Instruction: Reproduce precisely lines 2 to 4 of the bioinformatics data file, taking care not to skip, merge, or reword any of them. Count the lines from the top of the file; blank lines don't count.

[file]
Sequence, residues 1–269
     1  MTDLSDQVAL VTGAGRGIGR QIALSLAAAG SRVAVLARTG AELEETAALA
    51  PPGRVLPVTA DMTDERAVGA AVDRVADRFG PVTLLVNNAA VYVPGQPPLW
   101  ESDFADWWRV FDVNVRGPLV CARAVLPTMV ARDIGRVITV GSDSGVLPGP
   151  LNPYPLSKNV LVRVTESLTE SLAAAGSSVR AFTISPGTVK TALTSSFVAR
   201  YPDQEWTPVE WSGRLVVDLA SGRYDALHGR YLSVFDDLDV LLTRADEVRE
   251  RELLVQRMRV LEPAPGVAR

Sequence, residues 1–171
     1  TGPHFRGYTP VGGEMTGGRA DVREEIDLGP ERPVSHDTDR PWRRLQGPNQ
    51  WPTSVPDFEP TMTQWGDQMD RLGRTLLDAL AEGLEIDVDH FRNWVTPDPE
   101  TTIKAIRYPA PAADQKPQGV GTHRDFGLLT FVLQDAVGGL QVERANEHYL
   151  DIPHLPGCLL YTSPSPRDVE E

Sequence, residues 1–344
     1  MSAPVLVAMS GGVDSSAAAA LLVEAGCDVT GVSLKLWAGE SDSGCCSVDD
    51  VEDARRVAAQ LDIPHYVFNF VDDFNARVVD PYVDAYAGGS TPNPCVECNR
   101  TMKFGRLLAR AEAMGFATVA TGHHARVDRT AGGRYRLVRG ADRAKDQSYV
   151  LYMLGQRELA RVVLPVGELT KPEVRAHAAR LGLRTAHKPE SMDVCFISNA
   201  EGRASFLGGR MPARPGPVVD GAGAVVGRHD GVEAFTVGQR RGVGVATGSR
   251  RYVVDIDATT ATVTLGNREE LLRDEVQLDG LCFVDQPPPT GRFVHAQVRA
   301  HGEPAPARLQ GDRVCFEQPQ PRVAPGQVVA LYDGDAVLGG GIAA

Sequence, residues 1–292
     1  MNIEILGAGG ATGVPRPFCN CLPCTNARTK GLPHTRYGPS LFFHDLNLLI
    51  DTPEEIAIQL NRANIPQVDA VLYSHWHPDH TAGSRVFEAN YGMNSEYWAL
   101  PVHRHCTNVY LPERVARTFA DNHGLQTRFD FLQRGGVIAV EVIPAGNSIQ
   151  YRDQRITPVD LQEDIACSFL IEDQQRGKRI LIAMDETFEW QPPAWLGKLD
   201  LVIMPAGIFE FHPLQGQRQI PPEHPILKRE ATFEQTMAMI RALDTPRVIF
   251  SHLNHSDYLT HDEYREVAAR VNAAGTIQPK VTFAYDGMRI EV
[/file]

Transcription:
     1  MTDLSDQVAL VTGAGRGIGR QIALSLAAAG SRVAVLARTG AELEETAALA
    51  PPGRVLPVTA DMTDERAVGA AVDRVADRFG PVTLLVNNAA VYVPGQPPLW
   101  ESDFADWWRV FDVNVRGPLV CARAVLPTMV ARDIGRVITV GSDSGVLPGP